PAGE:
• Tue April 21 2009
  • Posted Apr 21, 2009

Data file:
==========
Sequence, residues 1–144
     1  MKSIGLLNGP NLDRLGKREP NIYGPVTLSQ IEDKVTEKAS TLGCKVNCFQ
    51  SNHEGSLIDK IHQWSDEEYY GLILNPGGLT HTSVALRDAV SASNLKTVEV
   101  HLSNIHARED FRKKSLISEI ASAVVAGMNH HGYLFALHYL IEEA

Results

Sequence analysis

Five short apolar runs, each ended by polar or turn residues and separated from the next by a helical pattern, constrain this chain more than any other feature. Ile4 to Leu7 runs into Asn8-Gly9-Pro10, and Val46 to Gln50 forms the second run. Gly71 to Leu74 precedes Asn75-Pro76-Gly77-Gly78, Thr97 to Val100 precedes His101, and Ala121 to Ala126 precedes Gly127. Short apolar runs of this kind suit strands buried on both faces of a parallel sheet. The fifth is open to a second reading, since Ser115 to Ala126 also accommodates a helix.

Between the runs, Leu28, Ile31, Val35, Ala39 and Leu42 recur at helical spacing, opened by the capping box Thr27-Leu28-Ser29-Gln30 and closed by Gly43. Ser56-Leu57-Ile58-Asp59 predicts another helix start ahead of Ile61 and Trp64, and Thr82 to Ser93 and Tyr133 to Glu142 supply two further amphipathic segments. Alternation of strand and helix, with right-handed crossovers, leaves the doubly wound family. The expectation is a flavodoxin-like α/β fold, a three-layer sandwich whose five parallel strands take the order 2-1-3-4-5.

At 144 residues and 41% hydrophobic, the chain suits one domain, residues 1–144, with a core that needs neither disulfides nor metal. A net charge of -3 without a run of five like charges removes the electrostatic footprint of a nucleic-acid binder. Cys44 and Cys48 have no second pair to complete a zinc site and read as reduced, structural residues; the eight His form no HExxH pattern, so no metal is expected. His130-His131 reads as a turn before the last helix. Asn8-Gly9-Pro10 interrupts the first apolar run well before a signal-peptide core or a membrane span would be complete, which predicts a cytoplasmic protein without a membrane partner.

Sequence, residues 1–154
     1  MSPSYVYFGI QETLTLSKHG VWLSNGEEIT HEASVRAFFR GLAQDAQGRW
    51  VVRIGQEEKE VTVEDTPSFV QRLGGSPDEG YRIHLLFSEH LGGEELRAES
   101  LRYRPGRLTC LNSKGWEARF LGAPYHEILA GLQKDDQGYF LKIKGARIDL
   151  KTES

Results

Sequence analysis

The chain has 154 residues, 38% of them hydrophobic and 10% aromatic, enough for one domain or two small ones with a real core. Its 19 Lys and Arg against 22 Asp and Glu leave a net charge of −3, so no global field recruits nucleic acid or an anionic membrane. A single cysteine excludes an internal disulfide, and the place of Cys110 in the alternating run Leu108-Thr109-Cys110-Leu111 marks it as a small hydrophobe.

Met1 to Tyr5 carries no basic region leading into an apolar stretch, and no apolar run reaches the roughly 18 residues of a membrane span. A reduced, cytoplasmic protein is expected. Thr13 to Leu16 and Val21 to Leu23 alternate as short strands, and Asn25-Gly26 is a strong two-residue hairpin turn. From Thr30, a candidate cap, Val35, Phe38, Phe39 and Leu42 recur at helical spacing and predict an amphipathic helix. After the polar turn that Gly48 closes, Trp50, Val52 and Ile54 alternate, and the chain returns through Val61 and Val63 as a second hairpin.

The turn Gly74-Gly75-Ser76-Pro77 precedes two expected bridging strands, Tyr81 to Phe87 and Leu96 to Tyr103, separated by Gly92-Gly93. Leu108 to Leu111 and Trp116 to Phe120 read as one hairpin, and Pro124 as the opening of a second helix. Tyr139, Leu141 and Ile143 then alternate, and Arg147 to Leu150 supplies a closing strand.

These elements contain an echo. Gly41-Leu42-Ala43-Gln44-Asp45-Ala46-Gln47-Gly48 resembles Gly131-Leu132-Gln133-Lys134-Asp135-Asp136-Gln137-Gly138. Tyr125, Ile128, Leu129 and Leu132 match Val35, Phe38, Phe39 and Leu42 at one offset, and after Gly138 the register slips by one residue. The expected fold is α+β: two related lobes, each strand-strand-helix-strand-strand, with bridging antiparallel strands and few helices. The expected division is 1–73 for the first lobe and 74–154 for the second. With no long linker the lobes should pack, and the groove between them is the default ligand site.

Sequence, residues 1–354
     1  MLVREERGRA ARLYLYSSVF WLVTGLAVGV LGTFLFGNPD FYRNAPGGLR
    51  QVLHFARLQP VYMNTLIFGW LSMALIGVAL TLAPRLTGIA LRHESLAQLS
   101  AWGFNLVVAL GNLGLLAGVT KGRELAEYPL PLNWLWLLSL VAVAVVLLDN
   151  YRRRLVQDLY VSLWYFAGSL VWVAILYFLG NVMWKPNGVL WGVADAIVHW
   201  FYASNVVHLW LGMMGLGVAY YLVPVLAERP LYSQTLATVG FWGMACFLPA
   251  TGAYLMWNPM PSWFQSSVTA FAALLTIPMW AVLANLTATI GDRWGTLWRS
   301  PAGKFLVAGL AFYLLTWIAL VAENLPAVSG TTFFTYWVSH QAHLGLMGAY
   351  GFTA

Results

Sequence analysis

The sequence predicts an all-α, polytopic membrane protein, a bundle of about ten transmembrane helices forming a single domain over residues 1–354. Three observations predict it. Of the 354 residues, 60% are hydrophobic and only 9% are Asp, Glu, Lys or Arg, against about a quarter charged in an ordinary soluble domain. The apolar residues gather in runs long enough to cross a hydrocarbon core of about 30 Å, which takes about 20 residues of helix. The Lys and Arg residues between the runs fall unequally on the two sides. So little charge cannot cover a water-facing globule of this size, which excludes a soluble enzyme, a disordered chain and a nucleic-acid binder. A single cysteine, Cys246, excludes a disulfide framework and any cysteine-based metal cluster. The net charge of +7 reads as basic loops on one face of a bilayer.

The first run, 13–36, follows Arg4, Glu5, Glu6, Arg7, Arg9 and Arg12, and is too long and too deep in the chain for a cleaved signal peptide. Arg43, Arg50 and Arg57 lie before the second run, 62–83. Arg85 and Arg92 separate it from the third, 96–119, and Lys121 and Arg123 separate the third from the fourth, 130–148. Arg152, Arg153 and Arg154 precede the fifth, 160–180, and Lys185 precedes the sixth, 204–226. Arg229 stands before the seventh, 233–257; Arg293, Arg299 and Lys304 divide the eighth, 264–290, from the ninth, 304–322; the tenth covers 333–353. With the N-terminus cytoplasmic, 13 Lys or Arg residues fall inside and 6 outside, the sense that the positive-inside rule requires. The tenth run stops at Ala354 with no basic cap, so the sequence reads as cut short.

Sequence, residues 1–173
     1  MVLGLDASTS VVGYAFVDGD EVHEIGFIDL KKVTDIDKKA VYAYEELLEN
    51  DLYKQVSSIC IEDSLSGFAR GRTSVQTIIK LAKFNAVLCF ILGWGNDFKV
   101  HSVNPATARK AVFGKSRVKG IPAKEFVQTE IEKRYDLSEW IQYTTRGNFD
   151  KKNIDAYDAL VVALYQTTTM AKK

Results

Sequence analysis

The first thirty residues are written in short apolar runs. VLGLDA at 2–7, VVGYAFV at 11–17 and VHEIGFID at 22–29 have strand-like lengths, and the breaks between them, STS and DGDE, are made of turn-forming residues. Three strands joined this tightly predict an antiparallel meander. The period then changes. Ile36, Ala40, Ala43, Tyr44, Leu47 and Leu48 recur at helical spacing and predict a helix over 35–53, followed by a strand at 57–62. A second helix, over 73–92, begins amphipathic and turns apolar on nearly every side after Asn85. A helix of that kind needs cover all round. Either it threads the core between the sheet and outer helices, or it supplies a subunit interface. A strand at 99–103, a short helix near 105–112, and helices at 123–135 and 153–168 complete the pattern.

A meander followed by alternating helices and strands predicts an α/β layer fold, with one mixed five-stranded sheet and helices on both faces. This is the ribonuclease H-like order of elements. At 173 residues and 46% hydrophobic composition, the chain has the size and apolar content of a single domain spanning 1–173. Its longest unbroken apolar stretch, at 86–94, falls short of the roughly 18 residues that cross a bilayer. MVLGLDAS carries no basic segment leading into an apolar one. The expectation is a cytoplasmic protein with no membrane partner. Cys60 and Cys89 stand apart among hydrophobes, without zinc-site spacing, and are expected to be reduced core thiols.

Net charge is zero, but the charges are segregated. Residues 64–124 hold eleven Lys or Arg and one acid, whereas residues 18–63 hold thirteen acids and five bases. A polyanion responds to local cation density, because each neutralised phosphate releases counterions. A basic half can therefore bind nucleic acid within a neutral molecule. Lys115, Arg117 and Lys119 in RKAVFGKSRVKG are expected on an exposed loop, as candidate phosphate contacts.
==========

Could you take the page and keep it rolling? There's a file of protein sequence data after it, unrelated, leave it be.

Des Moines By Marc Hansen John Connor was ready to support a fellow farmer and lifelong friend. "I'd be willing to bet my last nickel that this was the first traffic ticket John Lynch ever got in his life," he said. It seemed like a bet worth taking. Lynch, the driver who hit cyclist Doug Smith, 46, on a winding, hilly stretch of Madison County blacktop a week ago Saturday, will be 78 in August. That's a lot of mileage on the odometer, a lot of chances to make a wrong turn. But no, the only violation that pops onto the computer screen when typing in his name in an online courts search is unsafe passing on April 11, 2009. "John's the most careful driver in the world," Connor said Monday, standing outside the windblown entrance of the one-room Lee Township Schoolhouse near Cumming. Connor and maybe 100 others had gathered to support their neighbor from Cumming and express sympathy for a stranger from Des Moines who was struck by one of the anhydrous ammonia tanks Lynch was pulling behind his pickup truck. Members of the cycling groups have had their say, the Lynch supporters figured. About 500 of them rallied at the Statehouse last week in response to the accident. This would be the Lynch supporters' turn to let the public know how they see it: • That it's terrible what happened to Smith, but it was an accident. Nothing more. There was no intent to hit or scare or intimidate anyone on a bicycle. • That Lynch's detractors would be hard-pressed to find anyone in the community who doesn't hold him in the highest regard. • That he is a gentle soul incapable of harassing anyone, on the road or off. Lynch's supporters will have a hard time convincing the cyclists, but they made a passionate case Monday - signing a statement of support, standing shoulder to shoulder in the tiny schoolhouse, taking turns at the front of the room to say the public is getting the wrong idea, and it's time to set the record straight. At least 80 cars, pickups and other vehicles lined the intersecting gravel roads outside the school. At last count, more than 500 people had signed the support statement. "Everybody's fed up with the negative reports that are coming out," Connor said. "I hate to see a man's life and reputation ruined. John would be the last person in the world to run off and leave someone lying in the road." Had he known Smith was down, Lynch would have stopped. That was the schoolhouse consensus. He returned as soon as someone told him what happened. Smith is in the hospital with multiple cuts, scrapes, fractures and torn body parts. He won't be leaving soon. He's still trying to figure out what hit him. Lynch, meanwhile, is beating himself up mentally and emotionally. That's what his friends say. They say he's so down about what happened he can barely muster the energy to leave the house. Lynch did make it to Mass the other night at St. Patrick's Catholic Church. Dan Hanrahan, who grew up down the road from the Lynch family, said it was the first time his neighbor felt safe to go out. The church was full as parishioners said prayers for Smith and Lynch and their families. Hanrahan said Lynch's voice cracked as they talked. Monday, Hanrahan took the floor at the schoolhouse and read the statement of a support. Allegations that Lynch tried to intimidate or scare the bikers, he said, are "appalling and sickening to us all." The oldest and most fundamental of all questions, Hanrahan continued is: "Am I my brother's keeper?" In Lynch's case, he concluded, the answer was yes every time. You have to know Lynch and his wife, Joan, and the 10 kids they raised, almost everybody said. Lynch is a family man who served on the Martensdale-St. Marys school board. He was a Lee Township trustee more than once. Hanrahan believes the cycling crowd is using the accident to advance a political cause — making the roads more bike-friendly. That's their right, Hanrahan said, but not when they're destroying an honest and decent man's reputation in the process. What happened to Smith is awful, everyone keeps repeating, but if you think that $35 ticket is the only price Lynch is paying, you're fooling yourself.

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